Wednesday, October 22, 2014

Tomato and mango salsa


















 The tomatoes may be small and sour, they were perfect for making salsa. Adding sweet mango makes it even better. Toast some thinly sliced baguette and spread the salsa on top to make bruschetta.

The recipe for salsa is simple:
1. Dice tomato and mango.
2. Mix balsamic vinegar (or lemon juice) with olive oil and finely chopped garlic.
3. Toss in some chopped onion.
4. Pour dressing over the salad and garnish with coriander and black pepper.

Friday, October 17, 2014

Tomato story

Having grown cherry tomatoes (Roma variety) and regular tomatoes (seeds from Bangladesh), I find growing Roma is more rewarding because the plant stays strong and keeps producing fruits for more than 6 months.

While the latest attempt using seeds from Bangladesh was quite successful with about 20 tomatoes on the plant, it started dying soon after. Now, I'm left with many fruits on a dead plant.

Unlike the crisp and sweet Roma, these tomatoes are sour with thick skin. That explains why the deep red tomatoes are still on the plant!

Monday, September 22, 2014

Growing tomatoes

Knowing how much I love to grow my own food, my dear friend Hakim brought some tomato seeds back from Bangladesh for me. Even though I've not experienced much success growing tomatoes (except for the Italian cherry tomatoes), I sowed the seeds in several pots and crossed my fingers.

All the seeds germinated. Some seedlings died and I was left with three healthy plants. One started to wither after bearing one fruit. I removed it after it dried up completely.

I continued to tend to the two remaining plants and voila, they're producing tomatoes! Each time I see them, I spot new fruits emerging. The first one is beginning to turn orange and I can't wait to taste it.

Growing coloured greens

It has been a while since I posted but in case you're wondering if I have given up... well, no. I'm still growing vegetables at home! In fact, I am growing nice coloured 'red' greens (what an oxymoron) like red mustard and lettuce.

This company in Singapore (www.pocketgreens.com.sg) imports an interesting range of seeds that germinates easily and grow well in our climate. As you know, freshness of seeds is important as it translates to a high germination rate.

Take a look at some of the plants growing in my balcony right now.

This is red bak choy. As you know, we're always told to eat more coloured vegetables, so I'm very excited to be able to grow them organically at home!
 Despite our hot climate, the red romaine lettuce (below) grows well too. They even survived the heavy downpours that we've been having lately.
The best looking ones are the red mustard. The leaves may look delicate but they're really resilient. After a heavy downpour, I was dismayed to see them flattened by the rain but to my surprise, the leaves sprung up shortly after and looked even more fresh than before.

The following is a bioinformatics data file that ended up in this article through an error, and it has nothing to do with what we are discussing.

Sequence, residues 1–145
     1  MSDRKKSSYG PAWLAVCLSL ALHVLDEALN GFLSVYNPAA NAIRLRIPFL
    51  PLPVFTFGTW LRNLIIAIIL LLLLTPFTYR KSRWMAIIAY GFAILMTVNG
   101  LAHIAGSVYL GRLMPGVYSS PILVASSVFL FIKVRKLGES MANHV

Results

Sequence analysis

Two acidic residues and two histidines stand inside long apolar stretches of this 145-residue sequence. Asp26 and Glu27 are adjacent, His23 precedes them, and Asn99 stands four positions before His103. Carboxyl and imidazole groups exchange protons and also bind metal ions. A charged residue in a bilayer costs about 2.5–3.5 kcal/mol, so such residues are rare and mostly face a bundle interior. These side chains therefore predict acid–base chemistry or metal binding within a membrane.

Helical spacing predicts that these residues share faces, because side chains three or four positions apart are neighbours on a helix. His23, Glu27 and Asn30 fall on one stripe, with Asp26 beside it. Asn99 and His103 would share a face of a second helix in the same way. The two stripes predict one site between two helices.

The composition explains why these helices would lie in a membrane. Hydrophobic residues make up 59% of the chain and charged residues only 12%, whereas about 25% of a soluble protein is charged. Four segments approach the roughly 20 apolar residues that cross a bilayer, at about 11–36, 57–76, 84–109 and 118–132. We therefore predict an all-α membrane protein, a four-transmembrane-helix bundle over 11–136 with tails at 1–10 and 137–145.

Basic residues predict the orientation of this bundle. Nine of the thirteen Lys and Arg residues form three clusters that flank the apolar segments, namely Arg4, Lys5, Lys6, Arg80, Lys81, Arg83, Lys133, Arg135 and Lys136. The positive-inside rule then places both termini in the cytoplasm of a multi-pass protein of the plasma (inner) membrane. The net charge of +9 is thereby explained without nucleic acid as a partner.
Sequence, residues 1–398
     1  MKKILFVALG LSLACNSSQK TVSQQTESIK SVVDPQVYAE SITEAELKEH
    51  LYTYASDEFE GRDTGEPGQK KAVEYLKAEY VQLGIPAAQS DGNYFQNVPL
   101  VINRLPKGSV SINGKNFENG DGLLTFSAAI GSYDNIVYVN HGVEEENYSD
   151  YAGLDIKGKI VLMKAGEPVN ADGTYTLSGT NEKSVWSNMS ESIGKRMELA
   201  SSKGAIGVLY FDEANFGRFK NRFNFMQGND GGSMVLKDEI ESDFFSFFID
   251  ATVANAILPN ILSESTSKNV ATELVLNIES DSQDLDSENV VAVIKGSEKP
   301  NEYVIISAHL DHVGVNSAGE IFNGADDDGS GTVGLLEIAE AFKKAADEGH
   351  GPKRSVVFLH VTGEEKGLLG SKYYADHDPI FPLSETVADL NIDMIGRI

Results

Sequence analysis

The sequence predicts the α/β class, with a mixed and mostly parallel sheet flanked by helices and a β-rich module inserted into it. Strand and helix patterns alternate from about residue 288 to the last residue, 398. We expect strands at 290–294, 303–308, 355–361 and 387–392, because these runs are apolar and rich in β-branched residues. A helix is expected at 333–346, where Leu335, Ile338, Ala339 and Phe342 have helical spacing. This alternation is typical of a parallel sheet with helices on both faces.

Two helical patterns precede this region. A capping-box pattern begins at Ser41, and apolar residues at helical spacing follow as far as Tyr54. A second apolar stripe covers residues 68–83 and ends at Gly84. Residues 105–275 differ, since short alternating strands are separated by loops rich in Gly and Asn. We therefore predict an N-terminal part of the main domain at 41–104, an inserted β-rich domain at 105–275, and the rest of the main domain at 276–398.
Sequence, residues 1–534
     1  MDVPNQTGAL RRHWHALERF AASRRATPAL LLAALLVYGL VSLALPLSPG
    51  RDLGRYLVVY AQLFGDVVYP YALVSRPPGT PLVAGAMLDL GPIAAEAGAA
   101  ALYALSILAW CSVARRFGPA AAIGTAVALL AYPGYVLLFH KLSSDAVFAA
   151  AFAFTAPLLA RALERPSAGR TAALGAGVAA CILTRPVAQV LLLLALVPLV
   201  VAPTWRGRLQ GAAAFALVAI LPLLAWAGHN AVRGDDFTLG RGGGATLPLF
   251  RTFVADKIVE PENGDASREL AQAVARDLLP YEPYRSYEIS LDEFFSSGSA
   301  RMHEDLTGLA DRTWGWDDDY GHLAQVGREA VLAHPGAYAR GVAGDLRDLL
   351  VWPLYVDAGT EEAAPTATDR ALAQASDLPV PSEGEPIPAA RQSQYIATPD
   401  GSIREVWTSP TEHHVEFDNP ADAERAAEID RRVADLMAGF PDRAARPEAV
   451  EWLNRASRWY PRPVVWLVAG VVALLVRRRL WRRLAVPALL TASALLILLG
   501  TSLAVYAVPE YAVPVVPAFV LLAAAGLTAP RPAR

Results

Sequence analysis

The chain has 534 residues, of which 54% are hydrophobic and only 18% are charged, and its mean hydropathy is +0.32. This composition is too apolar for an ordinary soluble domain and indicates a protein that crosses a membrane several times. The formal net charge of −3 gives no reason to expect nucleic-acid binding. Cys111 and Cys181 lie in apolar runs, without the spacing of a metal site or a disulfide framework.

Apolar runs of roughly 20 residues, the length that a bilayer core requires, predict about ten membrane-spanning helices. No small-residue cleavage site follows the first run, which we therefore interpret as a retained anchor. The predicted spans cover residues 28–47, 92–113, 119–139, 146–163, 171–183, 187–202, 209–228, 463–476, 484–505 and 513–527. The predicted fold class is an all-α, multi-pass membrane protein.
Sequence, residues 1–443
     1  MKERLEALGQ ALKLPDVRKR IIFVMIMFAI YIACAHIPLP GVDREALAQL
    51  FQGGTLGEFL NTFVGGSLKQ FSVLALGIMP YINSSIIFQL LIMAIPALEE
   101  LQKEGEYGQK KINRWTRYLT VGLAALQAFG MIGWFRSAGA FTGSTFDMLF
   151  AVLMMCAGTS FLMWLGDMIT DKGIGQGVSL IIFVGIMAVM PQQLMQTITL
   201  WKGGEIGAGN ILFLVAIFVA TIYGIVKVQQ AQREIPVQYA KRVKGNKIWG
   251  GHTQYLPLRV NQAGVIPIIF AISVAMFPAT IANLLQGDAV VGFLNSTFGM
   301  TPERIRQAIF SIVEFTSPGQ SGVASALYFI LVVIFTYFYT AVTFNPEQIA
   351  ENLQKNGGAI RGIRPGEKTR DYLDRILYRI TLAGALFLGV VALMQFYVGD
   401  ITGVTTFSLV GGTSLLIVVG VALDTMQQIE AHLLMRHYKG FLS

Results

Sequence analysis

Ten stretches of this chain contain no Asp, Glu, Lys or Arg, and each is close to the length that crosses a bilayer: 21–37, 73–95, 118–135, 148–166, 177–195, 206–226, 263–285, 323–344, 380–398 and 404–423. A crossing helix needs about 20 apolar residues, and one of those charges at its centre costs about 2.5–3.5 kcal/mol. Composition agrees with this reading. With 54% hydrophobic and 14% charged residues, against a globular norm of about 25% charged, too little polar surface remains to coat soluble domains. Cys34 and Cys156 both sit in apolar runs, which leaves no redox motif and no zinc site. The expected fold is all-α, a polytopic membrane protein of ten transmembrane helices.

I harvest the larger leaves for salad and let the plants continue to grow new leaves. They're my current favourite - pretty and tasty.
 I sowed some kai lan seeds too. At first they were growing slowly, but after I transplanted the seedlings to a bigger pot, they began to flourish. I went away for 4 days and was surprised to see how much they have grown.

Wednesday, July 16, 2014

A salad fairytale

It reads like a fairytale. Buy salad, eat the leaves, grow the stump and eat more leaves. Well, it happened right here in my patio.






















The robust regrowth of new leaves is quite amazing. I made a large salad out of them. In fact, I find the new leaves more tender and tastier after the regrowth.

Salad leaves with tomato, sauteed onion and portobello mushroom, walnut, raisin and parmesan.


Tuesday, July 1, 2014

Capers

Have you ever wondered what capers really are? You know, the sour and salty stuff pretty much like miniature olives usually served with smoked salmon or carpaccio?











I always thought the little pickled thing is a fruit until I came face to face with them in Sicily. They are actually the unripened bud of the flowering plant! They grow wild everywhere in the rocky valley of Scicli. The best thing is, they're free for anyone who is diligent enough to pick though it can be back breaking work!

Reading David's post reminded me of my encounter with this fascinating plant few years ago. If you wish to know how the buds are prepared for eating, he describes it very well here.

Monday, June 30, 2014

Regrowing lettuce























One of the lettuce stumps rotted away after a week but the other one kept producing new leaves. I am so pleased with how the experiment is going!